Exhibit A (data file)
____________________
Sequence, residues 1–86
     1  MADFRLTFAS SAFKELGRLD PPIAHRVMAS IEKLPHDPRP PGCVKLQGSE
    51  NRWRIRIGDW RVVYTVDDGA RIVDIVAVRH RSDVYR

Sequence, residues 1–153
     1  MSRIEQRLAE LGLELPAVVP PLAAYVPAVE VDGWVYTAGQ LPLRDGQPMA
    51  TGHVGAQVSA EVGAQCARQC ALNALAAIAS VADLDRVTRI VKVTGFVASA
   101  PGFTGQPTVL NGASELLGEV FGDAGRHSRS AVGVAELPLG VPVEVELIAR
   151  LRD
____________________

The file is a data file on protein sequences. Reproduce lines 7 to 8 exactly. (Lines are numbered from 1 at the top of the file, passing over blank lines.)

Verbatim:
   101  PGFTGQPTVL NGASELLGEV FGDAGRHSRS AVGVAELPLG VPVEVELIAR
   151  LRD